As your child labors over college submissions forms, you might be wondering how you'll be paying for all those years of schooling. “Today” financial editor Jean Chatzky shares some tips on applying for financial aid, including negotiating with the colleges.
More from TODAY.com
Prince George meets George the marsupial on zoo trip
- Miss America defends student suspended for asking her to prom
- Real wedding: After marrying in India, couple plan sleek NYC ceremony
- Ouch! Baseball player hit in face by 90-mph fastball
- Former Columbine student meets other school shooting survivors
- Prince George meets George the marsupial on zoo trip
Unless your child has applied early decision, you're probably still sweating through the college application process. And yet, though you can't even submit the FAFSA (that would be the Free Application for Financial Student Aid) until the beginning of next year, you'd be smart to start thinking about financial aid as well. Why? Because experts say there are things you can do now — including selecting particular schools to apply to — that can help not only maximize the amount of aid your child is offered, but increase the amount that comes in grants (which don't have to be paid back) versus loans (which do). Here's the lowdown:
Don't delay. Jan. 1 is the first date you can submit your FAFSA and, says Ben Kaplan, publisher of ScholarshipCoach.com, you want to do so as close as possible to that date because “a lot of aid is given on a first-come, first-served basis.”
That's not necessarily easy because the forms ask for tax information many people don't have until they get closer to April 15. If you're one of them, it's OK to estimate your income as long as you can come fairly close. Running your projected end-of-year numbers through a program like Turbo Tax can help.
Target schools by situation. The FAFSA form is the building block for all financial aid. Some schools — mostly big, public universities — use it exclusively. But others — mostly private colleges — have other formulas they layer on top. For example, if your parents are divorced, you want to know how each school treats the income of the non-custodial parent.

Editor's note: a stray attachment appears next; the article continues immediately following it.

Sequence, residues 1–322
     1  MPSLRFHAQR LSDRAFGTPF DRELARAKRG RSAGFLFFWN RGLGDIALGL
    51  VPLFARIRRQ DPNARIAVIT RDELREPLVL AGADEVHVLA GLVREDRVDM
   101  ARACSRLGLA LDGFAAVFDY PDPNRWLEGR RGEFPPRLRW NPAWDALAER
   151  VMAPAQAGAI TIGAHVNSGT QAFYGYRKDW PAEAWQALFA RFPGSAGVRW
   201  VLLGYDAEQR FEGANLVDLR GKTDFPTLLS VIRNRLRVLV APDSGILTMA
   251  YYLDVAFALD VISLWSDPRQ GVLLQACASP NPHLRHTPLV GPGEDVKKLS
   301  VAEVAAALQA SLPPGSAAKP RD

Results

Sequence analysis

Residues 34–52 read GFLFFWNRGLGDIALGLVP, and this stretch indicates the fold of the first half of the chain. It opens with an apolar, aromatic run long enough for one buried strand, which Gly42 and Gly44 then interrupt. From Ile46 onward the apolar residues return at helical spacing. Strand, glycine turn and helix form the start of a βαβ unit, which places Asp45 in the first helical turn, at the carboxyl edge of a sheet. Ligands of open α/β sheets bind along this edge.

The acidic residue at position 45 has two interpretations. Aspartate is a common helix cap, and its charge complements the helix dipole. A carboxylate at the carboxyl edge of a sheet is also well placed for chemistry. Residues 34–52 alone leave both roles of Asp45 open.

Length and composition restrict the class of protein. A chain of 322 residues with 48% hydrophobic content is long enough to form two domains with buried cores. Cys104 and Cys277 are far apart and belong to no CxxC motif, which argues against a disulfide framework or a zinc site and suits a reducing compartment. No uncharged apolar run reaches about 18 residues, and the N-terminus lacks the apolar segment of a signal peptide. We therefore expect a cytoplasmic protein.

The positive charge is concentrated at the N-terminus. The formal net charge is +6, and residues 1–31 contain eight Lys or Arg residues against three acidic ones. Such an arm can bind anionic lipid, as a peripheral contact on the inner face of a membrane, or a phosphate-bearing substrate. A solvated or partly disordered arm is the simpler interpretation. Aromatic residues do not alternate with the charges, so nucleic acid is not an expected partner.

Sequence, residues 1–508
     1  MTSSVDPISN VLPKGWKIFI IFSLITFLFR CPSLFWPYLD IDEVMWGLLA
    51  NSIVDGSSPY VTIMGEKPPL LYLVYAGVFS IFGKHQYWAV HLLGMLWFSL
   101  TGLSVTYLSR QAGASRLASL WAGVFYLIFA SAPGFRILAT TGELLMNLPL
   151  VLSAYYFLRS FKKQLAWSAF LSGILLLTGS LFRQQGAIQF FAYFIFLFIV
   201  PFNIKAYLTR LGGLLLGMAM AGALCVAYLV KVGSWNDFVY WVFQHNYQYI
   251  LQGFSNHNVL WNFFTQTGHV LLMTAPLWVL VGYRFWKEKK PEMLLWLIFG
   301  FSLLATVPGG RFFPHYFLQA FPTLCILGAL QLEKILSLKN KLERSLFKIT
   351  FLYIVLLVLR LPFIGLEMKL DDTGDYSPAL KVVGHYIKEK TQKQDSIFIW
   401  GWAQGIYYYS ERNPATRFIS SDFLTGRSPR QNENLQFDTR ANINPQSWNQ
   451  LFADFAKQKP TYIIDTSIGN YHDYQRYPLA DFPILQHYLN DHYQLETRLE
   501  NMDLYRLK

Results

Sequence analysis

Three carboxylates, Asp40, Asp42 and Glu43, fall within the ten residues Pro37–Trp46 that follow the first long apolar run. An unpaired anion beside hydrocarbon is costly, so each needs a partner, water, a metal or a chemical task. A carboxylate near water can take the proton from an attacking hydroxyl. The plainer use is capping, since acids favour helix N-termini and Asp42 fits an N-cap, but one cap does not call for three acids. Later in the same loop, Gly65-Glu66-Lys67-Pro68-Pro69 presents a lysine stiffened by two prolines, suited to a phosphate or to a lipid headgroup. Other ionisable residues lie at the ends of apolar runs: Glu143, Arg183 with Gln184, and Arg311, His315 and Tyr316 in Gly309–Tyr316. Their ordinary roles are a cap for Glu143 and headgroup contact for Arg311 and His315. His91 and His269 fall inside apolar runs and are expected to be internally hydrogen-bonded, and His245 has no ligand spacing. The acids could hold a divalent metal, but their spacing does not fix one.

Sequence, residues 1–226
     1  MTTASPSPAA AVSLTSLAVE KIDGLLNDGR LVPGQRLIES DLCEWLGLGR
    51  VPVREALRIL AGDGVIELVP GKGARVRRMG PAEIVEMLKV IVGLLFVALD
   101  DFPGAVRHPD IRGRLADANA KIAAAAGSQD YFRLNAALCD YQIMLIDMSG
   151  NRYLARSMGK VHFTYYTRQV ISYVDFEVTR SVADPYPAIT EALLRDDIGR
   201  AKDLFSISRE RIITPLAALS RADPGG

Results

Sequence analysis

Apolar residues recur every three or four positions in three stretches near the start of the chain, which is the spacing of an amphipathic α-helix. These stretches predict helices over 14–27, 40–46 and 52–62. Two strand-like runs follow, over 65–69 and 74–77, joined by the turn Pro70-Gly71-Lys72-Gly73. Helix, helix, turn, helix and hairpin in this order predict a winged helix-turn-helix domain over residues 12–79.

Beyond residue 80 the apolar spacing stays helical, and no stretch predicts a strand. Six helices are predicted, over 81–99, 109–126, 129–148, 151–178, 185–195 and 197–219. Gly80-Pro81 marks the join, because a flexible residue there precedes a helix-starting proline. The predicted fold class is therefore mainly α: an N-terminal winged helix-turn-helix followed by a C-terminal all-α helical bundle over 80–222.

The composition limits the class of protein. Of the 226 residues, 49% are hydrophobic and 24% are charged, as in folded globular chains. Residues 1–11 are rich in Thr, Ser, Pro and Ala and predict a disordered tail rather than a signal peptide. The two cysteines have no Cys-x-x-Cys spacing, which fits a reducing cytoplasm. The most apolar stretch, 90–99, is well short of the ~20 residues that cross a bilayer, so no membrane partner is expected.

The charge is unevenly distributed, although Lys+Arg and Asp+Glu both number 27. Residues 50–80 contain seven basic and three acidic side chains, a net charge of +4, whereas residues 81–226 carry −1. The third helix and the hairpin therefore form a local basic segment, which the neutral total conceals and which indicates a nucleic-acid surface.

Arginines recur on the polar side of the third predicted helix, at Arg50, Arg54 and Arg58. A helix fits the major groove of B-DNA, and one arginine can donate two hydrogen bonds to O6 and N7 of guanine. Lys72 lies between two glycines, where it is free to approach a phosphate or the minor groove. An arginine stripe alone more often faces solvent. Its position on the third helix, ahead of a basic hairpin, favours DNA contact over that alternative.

The FAFSA doesn't count it, which means schools that use it exclusively aren't relying on that parent to help pay. But some private schools will factor it in; that's something you need to know, particularly if your non-custodial parent isn't planning on helping.
Likewise, home equity is a hot spot. The FAFSA doesn't count it. Many private schools add it back — but some cap the amount they count. If you're from a family without a high income but one which has a lot of home equity, that's key. “I tell the students I coach to never rule out a school solely because of the sticker price,” says Kaplan, also the author of “How to Go to College for Almost Free: 10 Days to Scholarship Success.”
But having this information going in can help. You can typically find it on the financial aid page of a school's Web site. The other important numbers to know about a school: What percentage of their aid comes in the form of grants and what percentage comes in the form of loans. Clearly, the higher the former, the better off you're likely to be.
Pick schools that really want you (and don't want others on your list to have you). These days, it's not uncommon for seniors to apply to half a dozen to a dozen different colleges. Make sure at least some on your list are those that will want you so much they'll likely give you more aid. Look for those with a high admission rate, but low acceptance rate (these are the sorts of figures published in college guides), says Brian Greenberg, CPA, a certified college planning specialist from Marlton, N.J. That indicates a school that's having trouble attracting the people they've accepted. They're more likely to want you. Likewise, the further away from home you're willing to go, the more likely a school is to want you in the name of geographic diversity. (I know about this firsthand, having played the West Virginia card.)
Keep a future “negotiation” in mind. Once you receive your aid offers, the process is not over. It's fine to go back to the schools you're most interested in attending to see if you can boost your aid package a bit. This is not a negotiation, exactly — I put that word in quotes above because financial aid officers recoil at the sight of it. It's more of a plea for a revision.
You can ask for more aid if your family's financial circumstances have chanced — if there's been a divorce, unemployment or a serious illness. But you can also, very politely, ask for more if other schools have made it easier — in financial terms — for your child to attend by offering more aid from the start.
Interestingly, both Kaplan and Greenberg note that schools tend to have a competitive set, a group of schools with whom they're willing to parry to grab a particular kid. For that reason, simply to enable you to have this sort of conversation, you may want to apply to a second school in the same conference — for example, Clemson if you're applying to North Carolina, Villanova if you're applying to Syracuse.
Where the Ivies are concerned, notes Kaplan, with the exception of Harvard, they'll generally match each other's offers. But again, don't go in haggling like you're buying a car. The softer sell is much more successful in this case. Even better: Have your children make the pitch themselves.
Jean Chatzky is an editor-at-large at Money magazine and serves as AOL's official Money Coach. She is the personal finance editor for NBC's "Today" show and is also a columnist for Life magazine. She is the author of four books, including 2004's "Pay it Down! From Debt to Wealth on $10 a Day" (Portfolio). To find out more, visit her Web site, www.jeanchatzky.com.